The opinion of the court was delivered by: Ralph R. Erickson, Chief Judge United States District Court
ORDER ADOPTING IN PART AND REVERSING IN PART THE MAGISTRATE JUDGE'S REPORT AND RECOMMENDATION
The undersigned judge referred Plaintiffs' Motion for Summary Judgment and Defendant Triangle Ag, LLC's Motion to Dismiss to the magistrate judge for preparation of a Report and Recommendation (Doc. #65). The Court has received a Report and Recommendation from the Honorable Karen K. Klein, United States Magistrate Judge, pursuant to 28 U.S.C. § 636, recommending that Counts 1, 2, and 3 be dismissed, that material questions of fact preclude the dismissal of Count 4, that summary judgment is premature as to Count 5, and that Plaintiffs' motion for summary judgment be denied in its entirety.
On March 18, 2010, Plaintiffs filed objections to the Report and Recommendation (Doc. #78). Plaintiffs contend that the magistrate judge misapplied the law and failed to view the evidence in the light most favorable to the nonmoving party. Rule 72(b)(2), of the Federal Rules of Civil Procedure, provides that a party may respond to another party's objections within 14 days. Defendant Triangle Ag's response was due on April 1, 2010, but it was not filed until April 5, 2010. While the response is technically untimely, the Court finds no prejudice to Plaintiffs in considering Triangle Ag's responsive brief. Now, therefore, the Court has conducted a de novo review of those portions of the Report and Recommendation Plaintiffs object to and carefully reviewed the entire file. For the reasons explained below, the Report and Recommendation is ADOPTED in part and REVERSED in part.
Neither the statute of frauds nor the parol evidence rule bars Plaintiffs' claims and thus the Court adopts the magistrate judge's recommendation that Defendant Triangle Ag's motion to dismiss on these grounds be denied. The parties have not had an opportunity to conduct discovery with regard to any of the claims; therefore, summary judgment is premature as to all claims. To the extent that the Report and Recommendation is contrary to this conclusion, it is reversed. Further, based on the limited evidence in the record, there are genuine issues of material fact precluding summary judgment as to each of the claims. Accordingly, Plaintiffs' motion for summary judgment is DENIED as to each claim and Defendant Triangle Ag's motion to dismiss/for summary judgment is DENIED as to each claim. To the extent that the Report and Recommendation is contrary to this conclusion, it is reversed.
Plaintiffs entered into an oral contract to purchase fertilizer from Triangle Ag (Doc. #6, Aff. Wes Roll ¶ 5). The contract price was for a total amount of $381,150.00, which Plaintiffs paid up front (Id.). Plaintiffs financed the purchase price through a loan obtained from Cooperative Finance Association. While Plaintiffs and Triangle Ag agree there is a binding purchase agreement, they disagree about whether the contract included a cancellation provision. The limited evidence in the record on this issue consists of contradictory affidavits (Docs. #20, 21, 22, 55, 60).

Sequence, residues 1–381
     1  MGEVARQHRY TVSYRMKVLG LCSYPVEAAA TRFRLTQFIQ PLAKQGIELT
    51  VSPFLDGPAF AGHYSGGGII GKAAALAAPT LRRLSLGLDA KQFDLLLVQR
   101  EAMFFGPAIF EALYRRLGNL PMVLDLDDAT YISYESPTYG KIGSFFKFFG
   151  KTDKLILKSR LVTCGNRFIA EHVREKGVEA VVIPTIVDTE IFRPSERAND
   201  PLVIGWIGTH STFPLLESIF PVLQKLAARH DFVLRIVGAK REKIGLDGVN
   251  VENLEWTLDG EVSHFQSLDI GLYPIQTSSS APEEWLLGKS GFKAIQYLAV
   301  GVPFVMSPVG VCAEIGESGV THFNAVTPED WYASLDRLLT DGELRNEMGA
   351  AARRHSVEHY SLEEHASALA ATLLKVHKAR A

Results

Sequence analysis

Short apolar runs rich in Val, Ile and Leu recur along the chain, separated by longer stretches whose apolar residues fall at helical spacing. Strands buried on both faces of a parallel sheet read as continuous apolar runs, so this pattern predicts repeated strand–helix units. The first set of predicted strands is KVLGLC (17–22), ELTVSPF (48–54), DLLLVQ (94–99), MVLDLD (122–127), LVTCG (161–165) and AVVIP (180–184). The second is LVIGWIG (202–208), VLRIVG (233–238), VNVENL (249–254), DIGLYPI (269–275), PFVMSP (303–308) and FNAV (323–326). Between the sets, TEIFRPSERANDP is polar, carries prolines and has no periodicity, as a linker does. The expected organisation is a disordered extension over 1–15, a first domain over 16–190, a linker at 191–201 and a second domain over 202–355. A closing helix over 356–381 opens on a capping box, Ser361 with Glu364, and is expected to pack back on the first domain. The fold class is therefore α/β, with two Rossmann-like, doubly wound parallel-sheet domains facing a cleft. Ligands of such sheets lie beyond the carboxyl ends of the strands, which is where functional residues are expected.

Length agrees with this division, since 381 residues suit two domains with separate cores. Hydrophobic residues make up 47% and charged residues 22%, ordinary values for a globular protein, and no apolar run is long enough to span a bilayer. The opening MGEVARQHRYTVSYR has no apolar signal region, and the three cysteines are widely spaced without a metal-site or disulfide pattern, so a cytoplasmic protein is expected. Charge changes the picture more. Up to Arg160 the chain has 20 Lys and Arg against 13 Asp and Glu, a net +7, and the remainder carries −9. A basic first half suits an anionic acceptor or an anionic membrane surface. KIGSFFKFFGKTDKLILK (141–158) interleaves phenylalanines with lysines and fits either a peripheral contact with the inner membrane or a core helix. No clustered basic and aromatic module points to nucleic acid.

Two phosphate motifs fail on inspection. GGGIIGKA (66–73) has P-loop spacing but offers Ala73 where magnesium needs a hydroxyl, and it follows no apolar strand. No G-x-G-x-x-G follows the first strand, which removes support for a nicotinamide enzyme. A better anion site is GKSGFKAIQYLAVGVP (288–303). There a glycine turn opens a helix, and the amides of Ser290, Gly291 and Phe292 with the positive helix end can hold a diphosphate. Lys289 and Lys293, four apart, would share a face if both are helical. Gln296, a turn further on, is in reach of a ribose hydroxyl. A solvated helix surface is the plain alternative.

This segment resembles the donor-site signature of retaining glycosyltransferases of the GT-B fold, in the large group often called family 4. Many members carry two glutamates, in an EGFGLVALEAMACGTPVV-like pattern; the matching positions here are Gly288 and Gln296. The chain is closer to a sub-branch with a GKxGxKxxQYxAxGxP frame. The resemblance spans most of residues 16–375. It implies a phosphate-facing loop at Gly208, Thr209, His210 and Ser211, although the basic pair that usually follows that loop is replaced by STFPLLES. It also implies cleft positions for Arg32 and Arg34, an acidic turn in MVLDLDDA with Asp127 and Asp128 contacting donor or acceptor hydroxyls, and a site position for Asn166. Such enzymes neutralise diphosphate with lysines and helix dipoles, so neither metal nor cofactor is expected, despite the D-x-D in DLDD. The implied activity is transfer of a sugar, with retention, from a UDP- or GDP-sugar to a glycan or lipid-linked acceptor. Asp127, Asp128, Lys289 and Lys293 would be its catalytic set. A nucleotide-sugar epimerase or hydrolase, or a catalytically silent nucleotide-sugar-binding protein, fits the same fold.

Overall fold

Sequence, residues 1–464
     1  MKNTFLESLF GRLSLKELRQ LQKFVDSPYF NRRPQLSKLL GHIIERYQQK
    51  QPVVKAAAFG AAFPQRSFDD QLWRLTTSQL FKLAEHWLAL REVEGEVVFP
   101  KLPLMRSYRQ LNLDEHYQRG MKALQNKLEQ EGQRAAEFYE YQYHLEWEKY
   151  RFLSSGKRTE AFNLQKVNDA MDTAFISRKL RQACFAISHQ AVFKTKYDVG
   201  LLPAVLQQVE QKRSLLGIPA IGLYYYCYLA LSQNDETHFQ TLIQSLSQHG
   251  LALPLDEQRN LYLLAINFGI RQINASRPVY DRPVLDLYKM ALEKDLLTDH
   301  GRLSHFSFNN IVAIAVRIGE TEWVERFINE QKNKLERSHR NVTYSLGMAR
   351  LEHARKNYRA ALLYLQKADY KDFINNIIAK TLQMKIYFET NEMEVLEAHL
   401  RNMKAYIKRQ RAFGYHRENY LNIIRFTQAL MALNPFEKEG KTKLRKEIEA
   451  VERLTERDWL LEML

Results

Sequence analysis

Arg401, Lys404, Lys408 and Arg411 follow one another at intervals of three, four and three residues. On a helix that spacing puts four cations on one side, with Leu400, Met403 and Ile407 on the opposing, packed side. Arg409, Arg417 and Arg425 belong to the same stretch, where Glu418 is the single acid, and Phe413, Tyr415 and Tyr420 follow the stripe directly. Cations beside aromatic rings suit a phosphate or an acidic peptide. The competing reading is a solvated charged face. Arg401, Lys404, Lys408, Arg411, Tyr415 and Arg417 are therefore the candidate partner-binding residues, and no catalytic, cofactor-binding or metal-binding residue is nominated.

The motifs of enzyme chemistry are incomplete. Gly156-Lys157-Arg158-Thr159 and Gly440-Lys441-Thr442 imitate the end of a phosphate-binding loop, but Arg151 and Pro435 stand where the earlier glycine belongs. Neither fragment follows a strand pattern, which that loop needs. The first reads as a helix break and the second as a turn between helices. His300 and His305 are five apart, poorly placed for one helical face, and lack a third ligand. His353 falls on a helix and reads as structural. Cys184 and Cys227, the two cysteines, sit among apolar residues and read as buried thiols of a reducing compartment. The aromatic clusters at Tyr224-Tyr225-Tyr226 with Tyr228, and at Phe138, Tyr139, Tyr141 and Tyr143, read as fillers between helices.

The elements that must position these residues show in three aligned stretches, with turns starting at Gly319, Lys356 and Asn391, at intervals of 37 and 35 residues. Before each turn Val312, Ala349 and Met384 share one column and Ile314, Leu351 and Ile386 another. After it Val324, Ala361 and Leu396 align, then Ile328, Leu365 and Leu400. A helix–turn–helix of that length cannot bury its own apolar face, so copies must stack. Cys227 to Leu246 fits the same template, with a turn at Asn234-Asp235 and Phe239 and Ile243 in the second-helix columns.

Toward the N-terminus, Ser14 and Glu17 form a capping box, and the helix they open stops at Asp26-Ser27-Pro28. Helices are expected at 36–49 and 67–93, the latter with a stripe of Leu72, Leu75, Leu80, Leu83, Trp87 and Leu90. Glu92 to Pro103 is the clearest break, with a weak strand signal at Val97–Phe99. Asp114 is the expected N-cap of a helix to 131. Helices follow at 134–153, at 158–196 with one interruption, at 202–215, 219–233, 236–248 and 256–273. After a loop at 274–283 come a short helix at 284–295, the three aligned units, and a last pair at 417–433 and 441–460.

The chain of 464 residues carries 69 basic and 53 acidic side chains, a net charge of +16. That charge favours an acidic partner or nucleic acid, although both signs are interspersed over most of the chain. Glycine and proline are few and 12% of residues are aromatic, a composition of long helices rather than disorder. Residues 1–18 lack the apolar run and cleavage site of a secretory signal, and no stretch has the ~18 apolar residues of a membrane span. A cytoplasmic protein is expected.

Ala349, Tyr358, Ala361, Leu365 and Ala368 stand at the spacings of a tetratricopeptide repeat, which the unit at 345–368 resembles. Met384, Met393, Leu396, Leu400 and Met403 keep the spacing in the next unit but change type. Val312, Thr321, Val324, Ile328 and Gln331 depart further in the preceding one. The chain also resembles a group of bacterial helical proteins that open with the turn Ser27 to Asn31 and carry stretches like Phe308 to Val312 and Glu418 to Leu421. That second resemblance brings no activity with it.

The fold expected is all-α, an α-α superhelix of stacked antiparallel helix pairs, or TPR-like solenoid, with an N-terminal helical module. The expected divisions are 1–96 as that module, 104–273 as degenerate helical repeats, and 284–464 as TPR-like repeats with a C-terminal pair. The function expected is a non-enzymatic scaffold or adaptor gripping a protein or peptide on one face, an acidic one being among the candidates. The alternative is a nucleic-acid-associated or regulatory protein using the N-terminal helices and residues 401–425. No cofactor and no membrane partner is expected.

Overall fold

Plaintiffs assert that Kevin Poppell and Brad Fronning, representatives of Triangle Ag, told them they could cancel the contract for $50 per ton on each ton of remaining fertilizer to be delivered plus pay interest on the loan with Cooperative Finance Association (Docs. #20, 21, & 22). Plaintiffs allege the cancellation provision was a material term of the purchase agreement, which induced them to enter into the contract. Brad Fronning counters that he did not agree that Plaintiffs could cancel the purchase agreement by paying $50 a ton (Doc. #55, Aff. Brad Fronning). Fronning admits to negotiations regarding a cancellation provision, but claims he told Plaintiffs that they would have to sign a written contract to include such a provision (Id.). Kevin Poppel, the other Triangle Ag representative involved in the contract, is no longer employed by Triangle Ag (Doc. #6, Aff. Roll ¶4). Further, Cooperative Finance Association avers that none of its employees or representatives told Plaintiffs they could avoid liability on the loan by repaying only the outstanding interest (Doc. #60, Aff. Bruce Mead).
SUMMARY JUDGMENT STANDARD
In considering a motion for summary judgment, in contrast to a motion to dismiss, a court may examine the pleadings, depositions, admissions, affidavits, interrogatories, and inferences to be drawn therefrom to determine whether summary judgment is appropriate. Delzer v. United Bank of Bismarck, 459 N.W.2d 752, 755 (N.D. 1990). The parties filed various affidavits. The magistrate judge converted Defendant Triangle Ag's motion to dismiss into a motion for summary judgment. In doing so, the evidence must be viewed in a light most favorable to the nonmoving party, and the nonmoving party enjoys the benefit of all reasonable inferences to be drawn from the evidence. Smith v. Ashland, Inc., 250 F.3d 1167, 1171 (8th Cir. 2001).
Triangle Ag contends the oral contract is unenforceable under the statute of frauds. The magistrate judge's analysis of this issue is thorough and the undersigned agrees it is a correct interpretation of North Dakota law and hereby adopts the reasoning in its entirety. For the reasons stated in the magistrate judge's Report and Recommendation, Triangle ...